Alaska court: Anchorage Democrat Armstrong qualified for House seat

a portrait of a woman in a sweater
Jennie Armstrong. (Wesley Early/Alaska Public Media)

A divided Alaska Supreme Court ruled Friday that an Anchorage Democrat who won a state House race was a qualified candidate.

Earlier in the week, Superior Court Judge Herman Walker Jr. issued a decision finding that Democrat Jennifer “Jennie” Armstrong met residency requirements and accepting the results of the November election. His decision was appealed by Republican Liz Vazquez, who lost to Armstrong, and four others who had joined her in challenging Armstrong’s win.

A brief order from the state Supreme Court, shortly after hearing arguments in the case Friday, said simply: “We affirm the superior court’s ultimate conclusion that Ms. Armstrong was a qualified candidate as required by law. A full decision will follow.”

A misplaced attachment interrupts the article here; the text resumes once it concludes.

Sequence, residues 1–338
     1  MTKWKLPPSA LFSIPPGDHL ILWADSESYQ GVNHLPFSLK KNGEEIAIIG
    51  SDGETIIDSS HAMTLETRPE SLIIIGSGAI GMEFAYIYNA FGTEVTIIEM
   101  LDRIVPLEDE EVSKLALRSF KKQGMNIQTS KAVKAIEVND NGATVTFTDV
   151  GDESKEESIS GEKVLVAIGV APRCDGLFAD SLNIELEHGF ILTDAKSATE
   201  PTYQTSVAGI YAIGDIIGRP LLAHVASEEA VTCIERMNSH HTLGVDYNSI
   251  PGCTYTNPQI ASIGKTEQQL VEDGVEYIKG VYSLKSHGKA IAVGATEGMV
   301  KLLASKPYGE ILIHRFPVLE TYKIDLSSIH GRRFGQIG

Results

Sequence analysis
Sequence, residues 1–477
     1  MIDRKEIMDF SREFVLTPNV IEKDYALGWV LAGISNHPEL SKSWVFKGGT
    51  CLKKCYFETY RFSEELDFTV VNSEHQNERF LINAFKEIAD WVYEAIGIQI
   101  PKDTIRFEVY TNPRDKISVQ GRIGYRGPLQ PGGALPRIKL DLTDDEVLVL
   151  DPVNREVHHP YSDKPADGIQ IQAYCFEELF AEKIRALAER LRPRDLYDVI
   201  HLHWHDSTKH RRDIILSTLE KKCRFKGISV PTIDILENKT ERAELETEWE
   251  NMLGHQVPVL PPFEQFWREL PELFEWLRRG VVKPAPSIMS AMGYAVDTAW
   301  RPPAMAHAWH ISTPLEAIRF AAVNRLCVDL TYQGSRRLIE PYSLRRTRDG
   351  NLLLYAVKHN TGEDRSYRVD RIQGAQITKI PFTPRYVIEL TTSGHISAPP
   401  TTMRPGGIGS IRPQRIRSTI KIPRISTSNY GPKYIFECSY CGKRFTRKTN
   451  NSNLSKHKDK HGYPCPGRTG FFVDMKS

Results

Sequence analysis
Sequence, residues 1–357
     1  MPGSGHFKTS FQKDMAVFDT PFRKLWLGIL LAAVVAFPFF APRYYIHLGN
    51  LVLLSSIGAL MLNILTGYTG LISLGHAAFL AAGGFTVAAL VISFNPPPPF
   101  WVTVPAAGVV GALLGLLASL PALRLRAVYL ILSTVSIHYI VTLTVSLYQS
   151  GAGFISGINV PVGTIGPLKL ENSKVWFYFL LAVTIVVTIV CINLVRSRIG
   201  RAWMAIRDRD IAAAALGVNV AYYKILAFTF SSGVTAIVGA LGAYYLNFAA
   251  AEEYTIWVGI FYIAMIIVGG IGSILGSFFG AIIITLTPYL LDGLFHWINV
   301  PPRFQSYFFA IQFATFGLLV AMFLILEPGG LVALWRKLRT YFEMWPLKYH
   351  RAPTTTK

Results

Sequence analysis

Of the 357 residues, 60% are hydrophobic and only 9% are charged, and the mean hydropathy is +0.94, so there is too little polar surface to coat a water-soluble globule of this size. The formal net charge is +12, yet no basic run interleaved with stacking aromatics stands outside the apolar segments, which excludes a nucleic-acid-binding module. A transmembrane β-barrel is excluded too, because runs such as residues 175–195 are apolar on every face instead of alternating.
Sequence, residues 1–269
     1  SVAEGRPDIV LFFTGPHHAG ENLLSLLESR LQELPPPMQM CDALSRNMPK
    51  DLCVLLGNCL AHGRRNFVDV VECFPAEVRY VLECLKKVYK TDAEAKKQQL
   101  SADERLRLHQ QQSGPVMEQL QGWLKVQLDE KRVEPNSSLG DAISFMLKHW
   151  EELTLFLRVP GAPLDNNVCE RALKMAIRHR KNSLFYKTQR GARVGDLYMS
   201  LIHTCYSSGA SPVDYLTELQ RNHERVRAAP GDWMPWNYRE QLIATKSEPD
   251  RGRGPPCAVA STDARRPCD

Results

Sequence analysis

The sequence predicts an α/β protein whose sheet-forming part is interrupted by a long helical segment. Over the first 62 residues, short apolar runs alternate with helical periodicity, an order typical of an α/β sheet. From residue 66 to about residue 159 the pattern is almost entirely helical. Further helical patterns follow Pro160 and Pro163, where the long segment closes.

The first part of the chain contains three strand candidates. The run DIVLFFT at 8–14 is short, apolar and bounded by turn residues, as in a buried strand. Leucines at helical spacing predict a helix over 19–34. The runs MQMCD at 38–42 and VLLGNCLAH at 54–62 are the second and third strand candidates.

Three justices heard the case: Chief Justice Daniel Winfree and Justices Jennifer Henderson and Susan Carney. Carney dissented, writing that she would reverse Walker’s finding that Armstrong was qualified.

Vazquez’s lawsuit alleged that Armstrong had not been an Alaska resident for at least three years immediately before filing for office and that Armstrong was therefore not qualified for the office.

Under the state constitution, to serve in the legislature one must be a “qualified voter who has been a resident of Alaska for at least three years and of the district from which elected for at least one year, immediately preceding his filing for office.” The filing deadline was June 1.

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